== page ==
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Re: common, FHS-compliant, default document root for the various web servers

I'm commenting a bit between the paragraphs to sharpen my mind :)

On Wed, Nov 04, 2009 at 08:09:18PM +0100, Stefano Zacchiroli wrote:
> What I was aiming to is a kind of document root which is under full
> control of the package manager; hence where the sysadm cannot touch
> anything by hand. That's actually the only way to have a meaningful
> package-based namespace.

I agree. The files installed by the package manager must be seperated
from user/admin files.

> The property I'd like is that if a package drops static files there
> under a dir like package/, then those files automagically appear (in the
> default vhost) as http://localhost/package/.

That would mean dropping all files in whatever dir is configured (in all
available web servers) as DocRoot.

> Now, written this way, it looks harder to implement, because it is a
> kind of overlay over a default docroot (unless we assume the default
> docroot is read-only for the sysadm, which doesn't look reasonable).

Right, either the admin can (and will) write to the DocRoot (which was
meant to be reserved for the package manager), or we need two DocRoots
configured which I don't think is possible with common web servers.

> I see two solution to this:
> - either the final URL is something like
>   http://localhost/debian/package/ (replace "debian" with whatever
>   prefix you like) and have some other per-web-server mechanism take
>   care of adding an Alias/link/whatever from "debian" to that new static
>   doc root

Like all packages drop their files in /var/lib/www/package and some
default package (or the web server itself) drops a symlink
/var/www/debian -> /var/lib/www ?
This would again lead to at least one file name in the sysadmin's space
that he/she can't use which is what we try to avoid in the first place.

> - or we add some kind of postinst-time registration mechanism (with all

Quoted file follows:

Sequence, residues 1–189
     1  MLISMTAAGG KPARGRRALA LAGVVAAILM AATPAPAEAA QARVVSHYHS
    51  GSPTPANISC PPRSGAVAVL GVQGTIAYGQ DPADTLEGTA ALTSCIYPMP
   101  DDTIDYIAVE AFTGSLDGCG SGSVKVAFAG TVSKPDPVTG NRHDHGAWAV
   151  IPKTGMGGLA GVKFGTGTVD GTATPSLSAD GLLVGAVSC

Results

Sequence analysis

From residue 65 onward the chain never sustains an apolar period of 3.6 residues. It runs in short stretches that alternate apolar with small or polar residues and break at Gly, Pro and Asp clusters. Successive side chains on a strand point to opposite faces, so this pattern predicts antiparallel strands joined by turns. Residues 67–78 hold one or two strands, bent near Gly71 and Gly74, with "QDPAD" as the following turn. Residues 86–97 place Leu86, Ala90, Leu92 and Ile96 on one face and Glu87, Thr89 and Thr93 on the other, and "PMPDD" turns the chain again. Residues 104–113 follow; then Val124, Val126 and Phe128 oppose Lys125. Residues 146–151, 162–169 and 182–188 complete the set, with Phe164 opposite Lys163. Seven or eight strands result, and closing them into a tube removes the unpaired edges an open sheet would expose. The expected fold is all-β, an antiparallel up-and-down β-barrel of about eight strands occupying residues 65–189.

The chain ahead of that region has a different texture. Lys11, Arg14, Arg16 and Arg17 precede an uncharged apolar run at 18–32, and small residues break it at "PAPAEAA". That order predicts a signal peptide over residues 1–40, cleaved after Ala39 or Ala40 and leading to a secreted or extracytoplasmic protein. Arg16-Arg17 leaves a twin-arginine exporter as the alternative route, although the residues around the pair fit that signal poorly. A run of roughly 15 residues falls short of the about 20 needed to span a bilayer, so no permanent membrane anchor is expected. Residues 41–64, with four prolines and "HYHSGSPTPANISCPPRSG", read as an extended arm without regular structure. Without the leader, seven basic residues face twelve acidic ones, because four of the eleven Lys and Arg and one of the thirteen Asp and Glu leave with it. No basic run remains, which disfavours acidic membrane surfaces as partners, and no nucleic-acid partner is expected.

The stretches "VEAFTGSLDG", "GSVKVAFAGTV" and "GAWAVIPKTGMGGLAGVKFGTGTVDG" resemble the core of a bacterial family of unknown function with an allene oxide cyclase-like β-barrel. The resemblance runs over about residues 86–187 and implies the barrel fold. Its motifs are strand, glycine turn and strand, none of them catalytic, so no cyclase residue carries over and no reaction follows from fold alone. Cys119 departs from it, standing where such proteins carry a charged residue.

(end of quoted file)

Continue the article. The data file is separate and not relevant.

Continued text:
>   the usual drawbacks) that check that new static doc root and register
>   every (new) dir there as Alias for the installed web servers.

That is basically what happens today in many cases, except that the
files aren't dropped in one location but rather in /var/cache/$package
or similar. The package's postinst registers the new files/dirs with the
web servers (usually just apache2 and/or lighttpd).

>   Assuming that web servers can register themselves to the mechanism,
>   that would also solve the problem that webapp maintainers not
>   necessarily have the knowledge of the syntax of all available web
>   servers

You mean like a trigger that is dealt with by any web server installed?

> Any other idea?

Actually, I don't see a way to implement that (but then I'm probably not
the best code writer). It would be really nice if the web servers could
somehow register themselves for this but I think in the end this is
really what webapps-common was aimed at, isn't it? Except the
self-registering of web servers webapps-common could solve this all. A
package build-depends on it and gets provided with necessary
post{inst,rm} lines to register with known web servers. Considering that
there are that many web servers in the archive, it should be managable
for webapps-common maintainers to keep up2date with those.

So, after all I think we need some manpower in webapps-common and we
have a solution. Or not?

> Many thanks for sharpening the analysis, Jan.

You're welcome, although I prefer to be called Hauke. I'm a
middle-name-user ;)

> PS please keep the -webapps Cc:, I believe it is truly relevant to
> this thread

Ack, sorry for dropping it before.


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